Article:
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Head teacher Phil Taylor
"I can't find a maths or French teacher"
 real 28k

Friday, 5 January, 2001, 13:36 GMT
Another school shut by shortages
Teachers' unions say vacancy figures are misleading
A secondary school in Suffolk has been unable to open for the new term because of a lack of teachers.

Holywells High School in Ipswich has had to postpone its return to school after Christmas for two days, while efforts continue to recruit teachers to fill vacancies.

"I have been teaching for 30 years but never in my personal experience have I experienced something as bad as this. I don't think it is going to get any better for a long time," said head teacher Barrie Whelpton.

This enforced extra holiday comes on the day that the government announced extra funds for underperforming schools to recruit and retain staff.

And it will highlight the growing gap between the government's argument that there is no recruitment crisis - and teachers' claims that the staffing shortage is real and getting worse.

Teachers say ...
There is a staff shortage
Vacancy figures do not show teachers covering for staff shortages
Pay is still not competitive
Four-day weeks could be widespread
16% downturn in applications compared with January 2000

And there is scepticism over whether extra money announced for struggling schools will tackle the underlying problem of an overall lack of teachers.

John Bangs, assistant general secretary of the National Union of Teachers, says that there are a number of local authorities considering putting pupils onto four-day weeks because of a lack of staff.

And he dismissed the government's announcement of extra recruitment funds for struggling schools as only a "short-term solution which will have little long-term benefit".

The government says ...
There are 7,000 more teachers than two years ago
Applications up for first time in eight years
Improvements in pay and training grants will make a difference
Advertising campaign will increase applications

Instead there is a need for a substantial increase in teachers' pay to make the profession more attractive, he said.

Head teachers' union leaders have also been warning about the risk of a staffing "meltdown", with schools unable to fill vacancies and supply agencies lacking the staff to provide cover.

The difference between the government's position and the view from head teachers was apparent when a Manchester head teacher and the School Standards Minister Estelle Morris clashed in an interview on BBC Radio 4's Today programme.

Phil Taylor, head of Stamford Community High School in Tameside, challenged the government's claims saying the "recruitment situation is not improving".

Schools go to great lengths to avoid children missing out on lessons and finding ways of covering vacancies. You can't put them into a queue in the way that a hospital has a waiting list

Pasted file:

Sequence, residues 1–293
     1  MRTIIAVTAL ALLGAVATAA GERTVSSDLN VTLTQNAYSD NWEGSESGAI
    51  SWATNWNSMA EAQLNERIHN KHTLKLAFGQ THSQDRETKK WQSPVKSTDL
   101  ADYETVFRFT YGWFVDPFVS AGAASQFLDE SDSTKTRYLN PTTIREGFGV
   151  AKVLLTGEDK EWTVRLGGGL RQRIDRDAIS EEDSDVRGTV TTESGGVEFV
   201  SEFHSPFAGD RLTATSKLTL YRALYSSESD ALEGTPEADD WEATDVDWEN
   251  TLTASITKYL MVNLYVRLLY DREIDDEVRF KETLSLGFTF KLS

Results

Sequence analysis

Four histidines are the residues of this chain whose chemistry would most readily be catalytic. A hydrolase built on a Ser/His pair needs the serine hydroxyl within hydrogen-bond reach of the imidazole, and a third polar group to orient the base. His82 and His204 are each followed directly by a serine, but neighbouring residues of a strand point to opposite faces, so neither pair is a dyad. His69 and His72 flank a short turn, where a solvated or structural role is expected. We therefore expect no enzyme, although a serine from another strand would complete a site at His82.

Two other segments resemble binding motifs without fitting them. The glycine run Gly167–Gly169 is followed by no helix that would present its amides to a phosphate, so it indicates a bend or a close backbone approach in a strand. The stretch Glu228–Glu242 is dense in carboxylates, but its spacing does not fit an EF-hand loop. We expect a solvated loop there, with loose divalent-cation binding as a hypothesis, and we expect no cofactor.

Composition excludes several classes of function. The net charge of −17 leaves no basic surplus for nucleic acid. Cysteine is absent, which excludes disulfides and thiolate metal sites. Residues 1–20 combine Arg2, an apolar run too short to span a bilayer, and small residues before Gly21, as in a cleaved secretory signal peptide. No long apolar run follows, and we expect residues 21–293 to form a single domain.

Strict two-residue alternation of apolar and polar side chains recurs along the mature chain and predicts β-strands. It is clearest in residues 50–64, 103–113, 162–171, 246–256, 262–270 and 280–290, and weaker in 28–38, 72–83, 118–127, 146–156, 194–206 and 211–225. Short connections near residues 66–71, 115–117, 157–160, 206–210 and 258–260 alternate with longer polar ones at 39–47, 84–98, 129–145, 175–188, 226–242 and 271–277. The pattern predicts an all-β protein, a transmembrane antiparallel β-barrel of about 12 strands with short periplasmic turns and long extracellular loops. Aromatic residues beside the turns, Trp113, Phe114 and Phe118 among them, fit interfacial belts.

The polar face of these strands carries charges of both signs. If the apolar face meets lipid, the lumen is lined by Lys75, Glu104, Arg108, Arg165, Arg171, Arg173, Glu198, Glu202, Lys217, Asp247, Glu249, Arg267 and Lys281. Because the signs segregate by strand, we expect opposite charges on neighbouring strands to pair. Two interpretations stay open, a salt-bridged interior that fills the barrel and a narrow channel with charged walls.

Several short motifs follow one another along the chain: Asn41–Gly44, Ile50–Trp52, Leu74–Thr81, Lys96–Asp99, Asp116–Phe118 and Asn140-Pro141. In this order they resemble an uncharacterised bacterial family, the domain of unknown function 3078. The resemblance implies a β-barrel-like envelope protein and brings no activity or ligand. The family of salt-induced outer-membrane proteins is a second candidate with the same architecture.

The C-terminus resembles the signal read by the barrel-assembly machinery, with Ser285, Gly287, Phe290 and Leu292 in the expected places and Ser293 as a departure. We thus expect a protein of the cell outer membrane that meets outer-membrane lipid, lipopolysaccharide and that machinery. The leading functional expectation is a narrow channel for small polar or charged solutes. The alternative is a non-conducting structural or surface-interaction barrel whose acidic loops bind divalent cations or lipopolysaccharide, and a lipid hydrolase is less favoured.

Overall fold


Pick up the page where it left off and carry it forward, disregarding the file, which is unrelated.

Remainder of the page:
Doug McAvoy, National Union of Teachers

A head of an underperforming school which will gain from the extra money announced by the minister, Mr Taylor said that he had two vacancies - for a maths and French teacher - which he had been unable to fill.

But Ms Morris rejected the claim that this reflected a decline in applications for teaching the subjects, saying that "golden hellos" worth 5,000 offered to student teachers of maths and modern languages had improved recruitment.

Apart from the money available in increased salaries, Mr Taylor also argued that schools in deprived areas found difficulty in competing for staff with schools in more comfortable circumstances, where there might be greater support from parents and less challenging pupils.

But the minister repeated the government's argument that the overall picture on recruitment is that there are now more teachers than there were two years ago.

And the government says that after eight years of falling recruitment, there is now an increase in applications for teaching.

The divergence in how government and teachers see the problem could be because of how the government measures vacancies, says the National Union of Teachers.

By measuring vacancies the government overlooks the ways in which short-staffed schools are working around a lack of teachers, the union argues.

So if teachers are covering subjects for which they are not qualified or if they are giving up free periods to sit with a class, this might not show as a vacancy.

"Schools go to great lengths to avoid children missing out on lessons and finding ways of covering vacancies. You can't put them into a queue in the way that a hospital has a waiting list," said general secretary Doug McAvoy.

But even these temporary arrangements are now coming unstuck, says the union, with a growing threat of widespread staffing difficulties this year.

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See also:

05 Jan 01 | Education
Bonuses for teachers in tough schools
03 Jan 01 | Education
Four-day week threat in schools
05 Jan 01 | Education
Teacher shortage is 'housing problem'
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